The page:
Menu
Home

Politics

Senate

Republicans Say No to Tax Hikes, Look for Other Revenues, Benefits Reform

mcconnell_051011

FILE: In this May 10, 2011, photo, Senate Minority Leader Mitch McConnell, R-Ky., speaks with reporters on Capitol Hill. On the far right is Minority Whip Jon Kyl of Arizona.AP

The debt ceiling debate has stalled over the issue of raising taxes, and the Senate minority leader and his chief whip said Sunday they aren't going to allow that to happen.

Senate Minority Leader Mitch McConnell, R-Ky., is headed to the White House on Monday to meet with President Obama after talks between Vice President Biden and congressional negotiators collapsed last week. Senate Majority Leader Harry Reid, D-Nev., is also meeting with the president, separately, earlier in the day.

Obama Treasury Secretary Tim Geithner has warned that Congress has until Aug. 2 to raise the debt limit or the U.S. risks defaulting on its loans.

"Throwing more tax revenue into the mix is simply not going to produce a desirable result, and it won't pass. I mean, putting aside the fact that Republicans don't like to raise taxes, Democrats don't like to either," McConnell told ABC's "This Week."

Senate Minority Whip Jon Kyl said opposition to raising taxes doesn't mean that Republicans have refused to consider any new revenue. Kyl said Republicans have agreed to increase fees, for instance, but do not want to change the tax code.

Democrats say they want to raise some revenue by closing loopholes and trimming tax breaks for oil companies and high-income earners. House Assistant Democratic Leader Jim Clyburn said closing loopholes is not the same as raising taxes.

"The question is, how do you define a tax increase? And I don't know of anybody who will define a tax increase as closing the loophole. If you tell me that my tax rate is going to be 30 or 35 percent and I come up with all kind of gimmicks with pretty smart lawyers and only pay 9 percent, there's something wrong with the loopholes in the law. We want to close those loopholes up. We do not want to raise anybody's tax rates. That's never been on the table," Clyburn said on "This Week."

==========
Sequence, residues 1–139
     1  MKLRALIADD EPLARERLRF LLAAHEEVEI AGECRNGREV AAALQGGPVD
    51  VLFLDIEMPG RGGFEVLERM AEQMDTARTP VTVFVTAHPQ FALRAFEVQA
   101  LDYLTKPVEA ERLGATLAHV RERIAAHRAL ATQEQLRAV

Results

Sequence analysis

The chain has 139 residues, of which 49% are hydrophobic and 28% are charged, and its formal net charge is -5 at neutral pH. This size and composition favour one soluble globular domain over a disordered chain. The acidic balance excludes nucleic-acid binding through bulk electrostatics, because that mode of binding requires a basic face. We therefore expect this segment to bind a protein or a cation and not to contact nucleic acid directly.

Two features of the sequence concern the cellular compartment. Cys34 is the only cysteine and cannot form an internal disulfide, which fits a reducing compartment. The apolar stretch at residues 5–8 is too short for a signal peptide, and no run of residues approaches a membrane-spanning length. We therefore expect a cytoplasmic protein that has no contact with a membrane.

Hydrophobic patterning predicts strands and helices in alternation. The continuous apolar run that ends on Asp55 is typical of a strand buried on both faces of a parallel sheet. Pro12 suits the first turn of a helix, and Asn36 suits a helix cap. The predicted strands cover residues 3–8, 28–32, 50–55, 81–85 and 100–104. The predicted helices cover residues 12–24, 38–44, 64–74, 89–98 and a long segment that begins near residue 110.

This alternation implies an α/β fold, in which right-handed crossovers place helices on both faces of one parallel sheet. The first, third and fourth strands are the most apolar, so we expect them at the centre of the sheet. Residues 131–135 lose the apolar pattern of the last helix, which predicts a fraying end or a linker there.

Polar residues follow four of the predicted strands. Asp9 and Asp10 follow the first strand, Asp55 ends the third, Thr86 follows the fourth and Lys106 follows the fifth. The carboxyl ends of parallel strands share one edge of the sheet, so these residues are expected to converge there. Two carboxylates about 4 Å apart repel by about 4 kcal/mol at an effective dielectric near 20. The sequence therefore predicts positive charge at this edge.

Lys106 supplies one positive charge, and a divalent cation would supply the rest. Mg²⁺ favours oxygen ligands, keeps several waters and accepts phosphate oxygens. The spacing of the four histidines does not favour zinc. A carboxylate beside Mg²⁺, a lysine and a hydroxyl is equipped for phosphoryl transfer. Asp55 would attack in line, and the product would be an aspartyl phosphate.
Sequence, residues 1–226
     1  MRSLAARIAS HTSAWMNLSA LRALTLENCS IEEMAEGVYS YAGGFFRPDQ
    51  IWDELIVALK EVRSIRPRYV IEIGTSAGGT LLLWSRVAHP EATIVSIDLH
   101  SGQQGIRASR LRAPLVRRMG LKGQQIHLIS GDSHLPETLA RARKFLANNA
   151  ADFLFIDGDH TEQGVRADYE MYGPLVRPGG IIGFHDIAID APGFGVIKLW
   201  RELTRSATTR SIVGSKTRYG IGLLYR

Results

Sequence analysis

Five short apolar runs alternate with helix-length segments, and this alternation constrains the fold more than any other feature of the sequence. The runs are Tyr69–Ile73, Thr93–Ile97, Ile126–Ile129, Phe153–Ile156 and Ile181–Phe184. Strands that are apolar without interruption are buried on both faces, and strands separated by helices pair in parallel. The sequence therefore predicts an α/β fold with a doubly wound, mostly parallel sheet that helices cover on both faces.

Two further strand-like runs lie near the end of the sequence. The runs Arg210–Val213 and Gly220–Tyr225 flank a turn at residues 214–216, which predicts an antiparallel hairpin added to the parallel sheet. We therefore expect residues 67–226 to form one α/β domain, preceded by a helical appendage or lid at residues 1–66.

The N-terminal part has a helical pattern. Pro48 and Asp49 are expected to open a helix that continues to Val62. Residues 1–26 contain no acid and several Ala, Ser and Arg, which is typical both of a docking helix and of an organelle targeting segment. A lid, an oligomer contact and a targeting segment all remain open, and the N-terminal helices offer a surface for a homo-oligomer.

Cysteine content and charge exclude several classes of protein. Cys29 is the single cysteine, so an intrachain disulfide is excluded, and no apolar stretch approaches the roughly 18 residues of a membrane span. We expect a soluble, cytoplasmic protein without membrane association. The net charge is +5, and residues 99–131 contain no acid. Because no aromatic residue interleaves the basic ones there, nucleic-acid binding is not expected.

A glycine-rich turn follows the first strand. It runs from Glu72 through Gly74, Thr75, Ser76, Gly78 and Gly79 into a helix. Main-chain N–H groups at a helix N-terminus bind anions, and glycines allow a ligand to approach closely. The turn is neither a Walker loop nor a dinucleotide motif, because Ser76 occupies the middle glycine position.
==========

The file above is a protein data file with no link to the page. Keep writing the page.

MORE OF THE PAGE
Kyl said that Republicans "have always been willing to consider so-called tax expenditure" because reducing them would allow Congress to reduce overall tax rates. But Kyl said efforts to remove subsidies on oil and gas companies that have revenues exceeding $1 billion not only unfairly targets one industry that employs 10 million people, but it will raise gas prices.

"If you want gas prices to rise, if you want to pay more than four bucks at the pump, then go ahead and do this," he said, saying passage would be like declaring "we're going to punish you because you make a lot of money."

McConnell added that Democrats are willing to reduce Medicare expenditures, as demonstrated by cuts approved in last year's health care legislation. He said that's something that could pass if a vote were brought. 

"We need to cut spending now. We need to cap spending in the future. And we need to save our entitlement programs, which are on a path to bankruptcy, according to the president's own trustees of Medicare and Social Security," McConnell said.